A Hymn to Ninkasi

Photo by Terrye Turpin

She glanced at the end cap filled with burnt umber bottles as she walked past the display. Garish labels in shades of hot pink and fluorescent yellow wrapped each glass container, and she stopped to draw a bottle from its cardboard carton. Beer was, had always been, her father’s choice. Memories of picnics and backyard barbecues spun recollections of bright aluminum cans pulled chilled and dripping with ice water from Styrofoam coolers. She begged for that first sip of pale yellow foam from the can, but never developed an appreciation for bitterness.

Her husband, a tall man with dark wavy hair in need of a trim, wandered over from the snack foods aisle, his arms cradling an assortment of chips. “What’s that?” he asked as she placed a six-pack into their cart. “Are you buying beer?” He dropped the snacks in with their groceries and looped his thumb into his belt as though measuring the tightness at his waist.

“I thought we’d try it.”

He shrugged in reply but she knew he would fuss with every sip, worrying over the extra weight that each year added. If her father ever had those middle age fears he kept them to himself.

Each morning during her childhood she awoke to the alarm of her father coughing up the night’s cigarette smoke, followed by the pop and slow hiss of a can opening. By the time she dressed for school and met him at the kitchen table he had finished his first beer of the day and chased it with a peppermint to hide the odor as he left for work.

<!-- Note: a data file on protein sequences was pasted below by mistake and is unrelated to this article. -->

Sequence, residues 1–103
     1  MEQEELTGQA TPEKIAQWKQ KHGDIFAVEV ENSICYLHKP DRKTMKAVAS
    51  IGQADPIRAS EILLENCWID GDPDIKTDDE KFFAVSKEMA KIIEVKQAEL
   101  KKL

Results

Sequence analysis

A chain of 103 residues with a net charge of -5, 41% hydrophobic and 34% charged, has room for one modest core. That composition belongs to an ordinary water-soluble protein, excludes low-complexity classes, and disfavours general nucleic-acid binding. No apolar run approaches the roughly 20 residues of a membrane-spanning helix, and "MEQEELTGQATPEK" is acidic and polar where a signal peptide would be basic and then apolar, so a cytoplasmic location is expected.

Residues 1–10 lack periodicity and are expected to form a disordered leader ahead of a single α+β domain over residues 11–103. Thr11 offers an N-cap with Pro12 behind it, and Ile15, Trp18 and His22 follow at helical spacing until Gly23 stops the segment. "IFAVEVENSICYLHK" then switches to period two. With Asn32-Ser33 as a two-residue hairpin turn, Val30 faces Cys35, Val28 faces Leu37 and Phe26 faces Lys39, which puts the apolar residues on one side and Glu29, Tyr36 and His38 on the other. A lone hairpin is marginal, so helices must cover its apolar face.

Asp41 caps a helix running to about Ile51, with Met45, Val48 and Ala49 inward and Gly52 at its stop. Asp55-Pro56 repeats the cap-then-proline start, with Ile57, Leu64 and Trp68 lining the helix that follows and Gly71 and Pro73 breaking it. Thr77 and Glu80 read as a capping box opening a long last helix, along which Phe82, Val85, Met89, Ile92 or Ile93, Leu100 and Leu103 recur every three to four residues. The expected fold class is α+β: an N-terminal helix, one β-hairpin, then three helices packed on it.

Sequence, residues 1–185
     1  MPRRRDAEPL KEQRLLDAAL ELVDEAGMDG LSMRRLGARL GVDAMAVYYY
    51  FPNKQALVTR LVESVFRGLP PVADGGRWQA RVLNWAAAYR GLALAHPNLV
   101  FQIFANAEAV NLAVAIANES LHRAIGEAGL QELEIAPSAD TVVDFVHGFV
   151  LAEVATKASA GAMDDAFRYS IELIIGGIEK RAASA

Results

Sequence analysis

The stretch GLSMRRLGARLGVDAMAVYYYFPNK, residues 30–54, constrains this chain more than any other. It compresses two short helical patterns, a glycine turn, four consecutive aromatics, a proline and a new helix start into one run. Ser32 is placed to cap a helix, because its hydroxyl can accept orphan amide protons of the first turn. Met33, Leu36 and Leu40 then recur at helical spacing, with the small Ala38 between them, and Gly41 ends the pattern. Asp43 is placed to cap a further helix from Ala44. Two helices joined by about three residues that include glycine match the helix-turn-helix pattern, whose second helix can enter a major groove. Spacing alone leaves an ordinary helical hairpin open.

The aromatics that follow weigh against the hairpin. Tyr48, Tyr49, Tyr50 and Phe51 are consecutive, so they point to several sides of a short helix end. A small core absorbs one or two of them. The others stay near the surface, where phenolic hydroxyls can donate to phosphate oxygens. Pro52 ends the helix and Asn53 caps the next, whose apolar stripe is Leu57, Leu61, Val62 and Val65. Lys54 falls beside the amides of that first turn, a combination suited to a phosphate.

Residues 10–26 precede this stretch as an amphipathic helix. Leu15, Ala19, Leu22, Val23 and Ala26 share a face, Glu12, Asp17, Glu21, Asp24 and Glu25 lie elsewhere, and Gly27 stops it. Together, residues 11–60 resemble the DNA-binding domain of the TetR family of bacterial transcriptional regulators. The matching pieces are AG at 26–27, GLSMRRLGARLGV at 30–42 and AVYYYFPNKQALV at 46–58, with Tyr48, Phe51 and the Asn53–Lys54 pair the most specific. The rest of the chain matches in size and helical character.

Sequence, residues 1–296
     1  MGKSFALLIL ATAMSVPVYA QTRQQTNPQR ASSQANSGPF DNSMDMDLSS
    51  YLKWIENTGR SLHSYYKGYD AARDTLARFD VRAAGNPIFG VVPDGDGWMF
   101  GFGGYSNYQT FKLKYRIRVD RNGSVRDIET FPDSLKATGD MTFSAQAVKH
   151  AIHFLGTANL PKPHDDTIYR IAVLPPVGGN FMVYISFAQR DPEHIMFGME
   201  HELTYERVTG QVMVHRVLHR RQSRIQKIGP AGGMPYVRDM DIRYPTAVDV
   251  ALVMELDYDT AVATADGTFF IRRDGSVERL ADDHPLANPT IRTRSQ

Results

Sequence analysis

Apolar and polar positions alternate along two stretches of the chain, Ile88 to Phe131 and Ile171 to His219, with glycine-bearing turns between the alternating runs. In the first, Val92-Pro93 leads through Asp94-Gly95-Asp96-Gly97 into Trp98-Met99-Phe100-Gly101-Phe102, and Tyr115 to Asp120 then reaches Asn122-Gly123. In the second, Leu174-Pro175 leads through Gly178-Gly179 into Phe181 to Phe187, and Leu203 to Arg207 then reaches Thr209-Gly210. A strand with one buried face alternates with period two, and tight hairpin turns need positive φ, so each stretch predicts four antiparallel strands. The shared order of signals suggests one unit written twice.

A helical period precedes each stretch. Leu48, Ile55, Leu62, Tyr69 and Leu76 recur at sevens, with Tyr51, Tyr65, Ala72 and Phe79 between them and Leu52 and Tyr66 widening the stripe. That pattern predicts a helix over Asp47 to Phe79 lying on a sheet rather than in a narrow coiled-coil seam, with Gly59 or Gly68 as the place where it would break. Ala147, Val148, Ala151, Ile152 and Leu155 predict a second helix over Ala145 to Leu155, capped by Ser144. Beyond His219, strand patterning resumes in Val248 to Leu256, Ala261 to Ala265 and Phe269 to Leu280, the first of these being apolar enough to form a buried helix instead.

She pushed their groceries toward the cashier, passing the Seasonal Aisle filled with summer toys. In line to pay, a small boy with dandelion blond hair sat in the cart in front of hers. He covered his face with his hands and smiled through his fingers. She turned away toward her husband.

“We should pick up a movie,” she said.

“Oh sure. We can grill steaks, the weather’s nice enough.”

When she was young, before her parents’ divorce, they went out to eat most meals. A table for three at the seafood restaurant where she mourned for the doomed lobsters in the large murky tank that occupied one wall of the dining room. The beer there came in a thick glass goblet large as a goldfish bowl and coated with a skim of frost she touched to her tongue when her parents weren’t looking.

She stopped on the aisle and purchased the beer because she recognized the brewery. It seemed a different woman had toured that place, with the man she thought she would marry. They walked through steamy rooms crowded with hot steel vats. The moist, yeasty air and the constant thrum, thrum of machinery made her nauseous, and she escaped to the lobby. Framed exhibits, spaced along the walls, told the history of beer. The first communions were not held with watered down wine, but with hearty ale, a gift from the Sumerian goddess Ninkasi.

Her father gifted her with his first year of sobriety coin. She wondered at the sacrifice it took to earn that bronze token, the confessions he undertook in meetings where they bound their fellowship with black coffee. Years ago she tucked it away with her memories, wrapped in a soft blue blanket that would have belonged to a child. Her confession was she mourned the loss of the man more than the loss of the child.

Her husband stood at the grill, waving his hand over the ash grey coals to judge their heat. She pushed open the screen door and walked up to stand beside him. A breeze puffed hair across her cheek and she imagined a chorus, singing praise to fermentation, as she twisted the top from the beer bottle. The chant swelled as she brought it to her lips, the ancient scent of grain, the salt of tears, the bitter taste of regret.

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